PHOENIX (AP) — Arizona Gov. Jan Brewer on Thursday vetoed legislation that would have exempted Uber and other ride-sharing companies from insurance regulations imposed on traditional taxi and livery companies.
Saying the bill does not offer fundamental safeguards that protect passengers, she vetoed the bill just one day after the state House of Representatives gave final approval to House Bill 2262.
"Consumer safety must not be sacrificed for the sake of innovation," Brewer wrote in her veto letter.
Brewer took issue with several provisions of the bill, including the part that exempts ride-share companies from the commercial insurance requirements that require traditional taxi and livery companies to insure drivers at all times on the job. An Uber driver who is working on the road but has not yet received a request for a ride is not insured unless the driver's personal insurance denies the claim, in which case Uber provides its contingent policy.
"In the larger context, this uncovered exposure likely would have led to significant increases in insurance rates for all Arizona consumers and unnecessary litigation," she wrote.
Uber is one of several new companies that partner people seeking rides with freelance drivers using web-based applications. The San Francisco-based company issued a statement expressing disappointment in the veto but vowing to press ahead with efforts in Arizona.
"Arizonans want competition. Arizonans want choice. They lost both tonight," the statement said. "With the veto of HB 2262, Governor Brewer has taken an action that will slash quality jobs, restrict access to a best-in-class transportation option and set Arizona back in the innovation economy. Ridesharing as we know it is dead in Arizona, despite the support of tens of thousands of residents across the state, both houses of the Legislature and a unified industry - a clear movement for competition and choice."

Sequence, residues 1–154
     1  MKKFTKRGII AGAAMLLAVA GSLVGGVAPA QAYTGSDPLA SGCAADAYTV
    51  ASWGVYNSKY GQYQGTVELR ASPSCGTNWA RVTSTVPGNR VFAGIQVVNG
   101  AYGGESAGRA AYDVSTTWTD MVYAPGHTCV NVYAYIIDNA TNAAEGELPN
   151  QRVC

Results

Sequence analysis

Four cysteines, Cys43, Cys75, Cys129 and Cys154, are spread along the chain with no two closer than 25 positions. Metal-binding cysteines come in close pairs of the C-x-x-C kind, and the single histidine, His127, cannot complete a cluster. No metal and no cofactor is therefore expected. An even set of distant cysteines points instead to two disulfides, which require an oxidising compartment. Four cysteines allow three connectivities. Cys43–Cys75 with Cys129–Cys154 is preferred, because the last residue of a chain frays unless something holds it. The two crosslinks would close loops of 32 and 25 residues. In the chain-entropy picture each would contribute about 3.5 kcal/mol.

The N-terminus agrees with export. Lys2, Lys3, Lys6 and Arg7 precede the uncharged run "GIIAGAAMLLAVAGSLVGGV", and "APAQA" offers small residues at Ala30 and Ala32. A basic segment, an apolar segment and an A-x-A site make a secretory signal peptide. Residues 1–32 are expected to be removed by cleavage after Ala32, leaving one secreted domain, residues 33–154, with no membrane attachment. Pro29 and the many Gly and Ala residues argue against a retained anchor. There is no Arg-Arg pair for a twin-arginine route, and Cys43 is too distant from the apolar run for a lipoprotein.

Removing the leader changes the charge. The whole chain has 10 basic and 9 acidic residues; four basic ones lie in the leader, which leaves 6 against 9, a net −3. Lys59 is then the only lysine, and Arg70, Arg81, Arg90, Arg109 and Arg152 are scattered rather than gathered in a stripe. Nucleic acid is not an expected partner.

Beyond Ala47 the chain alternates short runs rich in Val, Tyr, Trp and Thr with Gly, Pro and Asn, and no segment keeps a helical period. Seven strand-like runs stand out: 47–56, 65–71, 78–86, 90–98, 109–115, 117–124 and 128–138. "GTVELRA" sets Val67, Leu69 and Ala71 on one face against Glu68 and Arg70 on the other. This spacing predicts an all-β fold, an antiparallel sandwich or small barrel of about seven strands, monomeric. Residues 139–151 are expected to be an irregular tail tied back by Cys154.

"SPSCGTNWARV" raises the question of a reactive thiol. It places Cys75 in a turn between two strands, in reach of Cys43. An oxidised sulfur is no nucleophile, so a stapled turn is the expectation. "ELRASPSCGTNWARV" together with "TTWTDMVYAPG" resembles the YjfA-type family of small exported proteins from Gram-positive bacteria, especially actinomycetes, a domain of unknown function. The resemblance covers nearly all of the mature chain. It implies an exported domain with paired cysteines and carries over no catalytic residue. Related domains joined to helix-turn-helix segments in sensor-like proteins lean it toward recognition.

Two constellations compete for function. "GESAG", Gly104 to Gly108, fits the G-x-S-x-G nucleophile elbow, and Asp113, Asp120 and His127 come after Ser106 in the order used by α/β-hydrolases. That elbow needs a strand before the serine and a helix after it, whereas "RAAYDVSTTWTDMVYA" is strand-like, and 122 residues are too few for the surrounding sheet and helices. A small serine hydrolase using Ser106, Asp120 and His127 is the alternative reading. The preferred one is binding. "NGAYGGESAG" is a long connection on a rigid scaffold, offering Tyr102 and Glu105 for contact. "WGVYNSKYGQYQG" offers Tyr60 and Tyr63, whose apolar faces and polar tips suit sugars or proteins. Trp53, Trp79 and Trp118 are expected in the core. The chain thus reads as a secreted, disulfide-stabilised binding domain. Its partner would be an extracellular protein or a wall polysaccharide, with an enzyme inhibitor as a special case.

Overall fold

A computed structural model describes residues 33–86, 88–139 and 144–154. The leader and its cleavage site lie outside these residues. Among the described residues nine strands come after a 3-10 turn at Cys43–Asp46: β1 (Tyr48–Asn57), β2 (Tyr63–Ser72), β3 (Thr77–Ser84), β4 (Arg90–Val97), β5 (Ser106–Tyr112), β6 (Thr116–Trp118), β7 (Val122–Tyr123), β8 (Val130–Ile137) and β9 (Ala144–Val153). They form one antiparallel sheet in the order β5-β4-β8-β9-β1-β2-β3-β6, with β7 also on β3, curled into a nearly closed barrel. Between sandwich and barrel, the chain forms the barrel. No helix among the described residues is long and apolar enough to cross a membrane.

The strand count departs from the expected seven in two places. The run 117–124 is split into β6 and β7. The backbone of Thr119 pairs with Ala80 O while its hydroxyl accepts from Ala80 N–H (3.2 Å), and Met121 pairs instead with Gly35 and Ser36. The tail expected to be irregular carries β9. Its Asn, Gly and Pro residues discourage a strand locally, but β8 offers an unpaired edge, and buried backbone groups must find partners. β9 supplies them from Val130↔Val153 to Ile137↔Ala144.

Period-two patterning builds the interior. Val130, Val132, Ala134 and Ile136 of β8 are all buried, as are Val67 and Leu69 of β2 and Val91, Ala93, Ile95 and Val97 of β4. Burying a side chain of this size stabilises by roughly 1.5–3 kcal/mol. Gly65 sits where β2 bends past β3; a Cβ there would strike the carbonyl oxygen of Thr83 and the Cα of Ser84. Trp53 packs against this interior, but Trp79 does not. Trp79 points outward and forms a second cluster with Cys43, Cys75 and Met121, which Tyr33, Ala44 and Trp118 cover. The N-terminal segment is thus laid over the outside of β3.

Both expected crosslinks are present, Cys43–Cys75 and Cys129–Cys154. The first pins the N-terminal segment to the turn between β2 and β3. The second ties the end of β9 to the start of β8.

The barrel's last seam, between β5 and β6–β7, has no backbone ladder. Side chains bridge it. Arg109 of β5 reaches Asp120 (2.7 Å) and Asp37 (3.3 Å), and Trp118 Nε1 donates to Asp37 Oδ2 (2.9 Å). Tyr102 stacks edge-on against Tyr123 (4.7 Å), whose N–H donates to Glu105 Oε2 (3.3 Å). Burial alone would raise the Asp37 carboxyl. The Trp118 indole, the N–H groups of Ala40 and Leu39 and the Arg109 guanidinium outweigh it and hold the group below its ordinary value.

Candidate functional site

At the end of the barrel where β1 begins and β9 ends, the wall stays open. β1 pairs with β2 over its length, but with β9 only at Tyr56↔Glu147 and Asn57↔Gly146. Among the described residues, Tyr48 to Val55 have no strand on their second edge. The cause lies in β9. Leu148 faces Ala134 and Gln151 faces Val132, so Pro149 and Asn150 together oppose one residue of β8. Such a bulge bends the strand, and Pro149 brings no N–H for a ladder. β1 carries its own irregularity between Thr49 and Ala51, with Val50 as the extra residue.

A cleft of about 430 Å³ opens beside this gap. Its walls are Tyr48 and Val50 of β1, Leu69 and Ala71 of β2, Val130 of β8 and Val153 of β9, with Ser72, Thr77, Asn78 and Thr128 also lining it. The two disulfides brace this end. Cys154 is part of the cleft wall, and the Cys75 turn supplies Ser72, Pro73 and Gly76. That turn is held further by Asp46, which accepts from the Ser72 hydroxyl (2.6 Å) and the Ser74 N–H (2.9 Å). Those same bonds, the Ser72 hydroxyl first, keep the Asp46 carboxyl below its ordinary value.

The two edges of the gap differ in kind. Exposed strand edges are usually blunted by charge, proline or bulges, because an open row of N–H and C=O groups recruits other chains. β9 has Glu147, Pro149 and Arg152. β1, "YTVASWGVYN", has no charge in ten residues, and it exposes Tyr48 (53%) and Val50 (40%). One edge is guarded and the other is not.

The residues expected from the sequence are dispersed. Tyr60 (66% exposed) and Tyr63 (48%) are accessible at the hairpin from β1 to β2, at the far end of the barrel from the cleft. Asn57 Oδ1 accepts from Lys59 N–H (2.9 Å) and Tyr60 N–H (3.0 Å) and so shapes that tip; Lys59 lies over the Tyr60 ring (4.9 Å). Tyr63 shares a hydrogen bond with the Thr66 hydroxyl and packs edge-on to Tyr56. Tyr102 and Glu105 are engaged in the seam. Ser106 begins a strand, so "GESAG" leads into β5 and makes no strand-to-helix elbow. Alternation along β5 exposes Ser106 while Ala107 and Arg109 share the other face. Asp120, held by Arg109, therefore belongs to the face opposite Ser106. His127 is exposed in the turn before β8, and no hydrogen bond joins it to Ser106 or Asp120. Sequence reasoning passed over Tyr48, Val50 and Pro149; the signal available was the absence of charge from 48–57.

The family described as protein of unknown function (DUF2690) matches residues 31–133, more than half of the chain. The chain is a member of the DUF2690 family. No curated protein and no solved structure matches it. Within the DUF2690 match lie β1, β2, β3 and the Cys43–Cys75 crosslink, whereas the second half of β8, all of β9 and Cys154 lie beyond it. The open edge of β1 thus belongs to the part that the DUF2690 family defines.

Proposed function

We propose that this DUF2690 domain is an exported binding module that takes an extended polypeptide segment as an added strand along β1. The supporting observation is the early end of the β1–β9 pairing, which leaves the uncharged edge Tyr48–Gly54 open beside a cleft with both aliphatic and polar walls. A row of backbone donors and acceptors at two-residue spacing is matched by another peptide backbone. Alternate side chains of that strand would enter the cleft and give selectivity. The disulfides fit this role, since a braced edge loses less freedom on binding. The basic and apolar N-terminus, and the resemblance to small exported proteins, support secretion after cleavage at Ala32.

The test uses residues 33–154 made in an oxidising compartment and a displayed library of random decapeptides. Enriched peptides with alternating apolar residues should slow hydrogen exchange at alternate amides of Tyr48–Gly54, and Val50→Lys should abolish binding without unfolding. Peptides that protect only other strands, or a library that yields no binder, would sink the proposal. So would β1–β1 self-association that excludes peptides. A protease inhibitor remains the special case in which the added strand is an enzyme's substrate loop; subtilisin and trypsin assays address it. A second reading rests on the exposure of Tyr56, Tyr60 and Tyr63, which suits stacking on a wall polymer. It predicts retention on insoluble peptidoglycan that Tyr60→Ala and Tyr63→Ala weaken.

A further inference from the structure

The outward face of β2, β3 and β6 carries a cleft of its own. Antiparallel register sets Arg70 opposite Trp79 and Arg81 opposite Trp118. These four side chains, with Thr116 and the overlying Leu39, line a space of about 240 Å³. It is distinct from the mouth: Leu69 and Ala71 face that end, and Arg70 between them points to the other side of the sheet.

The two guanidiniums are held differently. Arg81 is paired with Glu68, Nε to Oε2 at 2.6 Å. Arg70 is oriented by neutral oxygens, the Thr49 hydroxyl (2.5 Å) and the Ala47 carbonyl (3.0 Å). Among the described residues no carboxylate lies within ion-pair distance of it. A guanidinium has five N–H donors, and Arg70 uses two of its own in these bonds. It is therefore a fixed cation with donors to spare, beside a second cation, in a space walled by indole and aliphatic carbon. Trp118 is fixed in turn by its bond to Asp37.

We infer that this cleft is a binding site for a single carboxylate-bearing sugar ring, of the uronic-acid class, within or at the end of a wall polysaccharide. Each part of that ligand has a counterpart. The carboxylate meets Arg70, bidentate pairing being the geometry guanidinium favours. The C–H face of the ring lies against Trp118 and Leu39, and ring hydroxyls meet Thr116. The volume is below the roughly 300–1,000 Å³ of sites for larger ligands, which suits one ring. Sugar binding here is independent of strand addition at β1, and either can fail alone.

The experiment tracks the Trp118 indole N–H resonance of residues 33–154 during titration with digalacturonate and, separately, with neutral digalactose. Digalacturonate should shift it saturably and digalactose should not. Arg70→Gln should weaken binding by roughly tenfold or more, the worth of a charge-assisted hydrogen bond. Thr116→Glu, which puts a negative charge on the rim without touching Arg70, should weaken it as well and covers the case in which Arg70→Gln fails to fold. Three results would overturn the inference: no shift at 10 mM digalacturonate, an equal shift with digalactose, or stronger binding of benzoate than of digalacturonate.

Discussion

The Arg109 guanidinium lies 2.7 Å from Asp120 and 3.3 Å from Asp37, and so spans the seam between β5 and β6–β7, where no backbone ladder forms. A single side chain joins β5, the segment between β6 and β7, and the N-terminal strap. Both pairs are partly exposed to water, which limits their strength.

The so-called Uber bill was one of the bigger issues of contention within the state Legislature this session. Democrats and Republicans were split within their own parties. Proponents of the bill said government should stay out of the way and let new companies like Uber innovate, while opponents said the lack of regulations pose a public safety threat.
The bill would not have required Uber drivers to be drug-tested, a provision that the governor said should be in the bill when she expressed concern over it this week.
"Arizona employers have effectively used employee drug testing as a way to ensure a drug-free workplace," she wrote. "This is a vital tool to ensure that passengers and other drivers on the road are protected from drivers operating under the influence."
Brewer said the state welcomes the ride-share industry and offers a business-friendly environment. But the legislation would have increased costs for all drivers, put citizens at risk of insurance gaps, and subjected the public to danger because Uber drivers would not be drug-tested.
The bill was sponsored by Rep. Tom Forese, R-Gilbert.
The insurance and taxi industries fiercely opposed the bill. The taxi companies took their arguments to the airwaves with advertising, while Uber organized a social media campaign. Lawmakers reported being inundated with emails and phone calls.
The Senate passed the bill this week on a 20-8 vote, while the House approved it on a 31-22 vote Wednesday evening.